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Replacement of extracted permanent pacemaker or defibrillator leads by cannulation of veins using the femoral “drag through” technique
  1. R J Schilling
  1. Correspondence to:
    Dr Richard Schilling, St Bartholomew's Hospital, West Smithfield, London EC1A 7BE, UK;

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The development of specialised equipment has allowed permanent pacemaker lead extraction using minimally invasive techniques,1, 2 but despite this the major complication rate is approximately 1–3%.1, 2 One reason for this is that the fragile subclavian vein, superior vena cava, and right atrium may tear during the process of cutting away the fibrous tissue that enfolds the leads in these regions. Drawing the body of the lead, which has the narrowest profile (cf. the tip and electrodes), through this fibrous sleeve from below, using a femoral approach, avoids the need for this dissection. Furthermore, the dissection required when using a superior approach to expose the subclavian vein can be painful and time consuming. When using a femoral approach only superficial dissection to free the leads and remove the suture sleeves is required and therefore the procedure can be performed under local anaesthetic. The major disadvantage of the femoral approach is that it does not provide access for a replacement lead. This study investigated the feasibility of a modification to conventional femoral lead extraction, providing venous access for introduction of a new pacing/implantable cardioverter-defibrillator (ICD) lead along the channel occupied by the extracted lead.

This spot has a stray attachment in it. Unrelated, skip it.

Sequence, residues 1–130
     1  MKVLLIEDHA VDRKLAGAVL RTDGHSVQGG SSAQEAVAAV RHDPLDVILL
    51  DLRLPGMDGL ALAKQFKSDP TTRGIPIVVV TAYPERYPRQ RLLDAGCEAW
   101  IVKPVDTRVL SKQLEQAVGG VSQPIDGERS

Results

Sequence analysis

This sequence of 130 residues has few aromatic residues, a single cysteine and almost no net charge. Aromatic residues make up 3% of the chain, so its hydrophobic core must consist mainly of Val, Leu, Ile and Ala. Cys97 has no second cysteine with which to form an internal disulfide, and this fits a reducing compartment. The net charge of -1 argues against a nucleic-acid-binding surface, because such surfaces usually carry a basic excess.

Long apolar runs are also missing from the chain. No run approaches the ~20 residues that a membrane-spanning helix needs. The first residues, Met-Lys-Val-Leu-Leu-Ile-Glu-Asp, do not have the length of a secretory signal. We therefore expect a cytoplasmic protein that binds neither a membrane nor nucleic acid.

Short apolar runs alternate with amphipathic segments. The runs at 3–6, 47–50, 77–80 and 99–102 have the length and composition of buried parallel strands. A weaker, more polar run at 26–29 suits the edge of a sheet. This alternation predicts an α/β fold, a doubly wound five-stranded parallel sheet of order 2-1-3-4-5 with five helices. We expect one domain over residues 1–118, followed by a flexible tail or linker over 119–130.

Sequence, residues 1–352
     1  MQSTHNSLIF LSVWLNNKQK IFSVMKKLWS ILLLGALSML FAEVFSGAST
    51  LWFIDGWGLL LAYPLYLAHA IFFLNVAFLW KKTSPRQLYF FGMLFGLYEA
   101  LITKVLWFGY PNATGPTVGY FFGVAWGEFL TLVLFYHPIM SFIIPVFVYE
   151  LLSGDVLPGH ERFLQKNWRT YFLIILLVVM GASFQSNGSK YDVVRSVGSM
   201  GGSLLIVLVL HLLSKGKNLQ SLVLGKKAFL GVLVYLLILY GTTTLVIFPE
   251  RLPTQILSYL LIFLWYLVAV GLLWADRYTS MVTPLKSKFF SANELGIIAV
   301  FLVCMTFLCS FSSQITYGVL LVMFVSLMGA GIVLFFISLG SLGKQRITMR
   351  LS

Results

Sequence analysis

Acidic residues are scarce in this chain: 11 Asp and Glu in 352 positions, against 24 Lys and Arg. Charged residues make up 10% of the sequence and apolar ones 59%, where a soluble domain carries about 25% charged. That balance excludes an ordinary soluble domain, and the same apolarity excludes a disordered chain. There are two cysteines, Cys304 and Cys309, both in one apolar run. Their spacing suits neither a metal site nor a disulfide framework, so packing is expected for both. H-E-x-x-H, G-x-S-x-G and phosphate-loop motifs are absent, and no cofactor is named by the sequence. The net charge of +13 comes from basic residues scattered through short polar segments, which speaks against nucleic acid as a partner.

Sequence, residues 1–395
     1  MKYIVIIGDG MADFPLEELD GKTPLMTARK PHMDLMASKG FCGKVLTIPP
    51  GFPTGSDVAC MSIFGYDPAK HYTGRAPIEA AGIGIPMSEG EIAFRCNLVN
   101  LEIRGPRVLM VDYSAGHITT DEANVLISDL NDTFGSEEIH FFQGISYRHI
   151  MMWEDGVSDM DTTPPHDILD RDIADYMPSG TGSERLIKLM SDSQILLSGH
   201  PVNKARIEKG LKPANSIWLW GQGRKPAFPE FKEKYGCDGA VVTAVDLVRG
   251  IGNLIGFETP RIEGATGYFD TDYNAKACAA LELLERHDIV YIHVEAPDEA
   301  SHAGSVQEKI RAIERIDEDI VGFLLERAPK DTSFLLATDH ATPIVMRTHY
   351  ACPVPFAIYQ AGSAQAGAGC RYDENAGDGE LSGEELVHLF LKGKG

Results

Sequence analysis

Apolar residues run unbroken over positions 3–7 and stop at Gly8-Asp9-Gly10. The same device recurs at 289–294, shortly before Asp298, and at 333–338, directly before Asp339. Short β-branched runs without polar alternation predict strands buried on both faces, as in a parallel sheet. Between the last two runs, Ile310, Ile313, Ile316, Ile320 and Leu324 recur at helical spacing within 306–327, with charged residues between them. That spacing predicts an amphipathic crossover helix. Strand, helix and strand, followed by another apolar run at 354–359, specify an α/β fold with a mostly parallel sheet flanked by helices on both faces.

Any patients requiring lead extraction and immediate replacement of an ipsilateral pacing/ICD system were considered suitable for lead replacement using a “drag through” technique. Patients considered unsuitable were those in whom there was evidence of lead infection, or crushing of the lead between the clavicle and the first rib, reflecting a suboptimal implantation route.

Lead extraction procedure

The procedure was performed under local anaesthetic (with two exceptions, …

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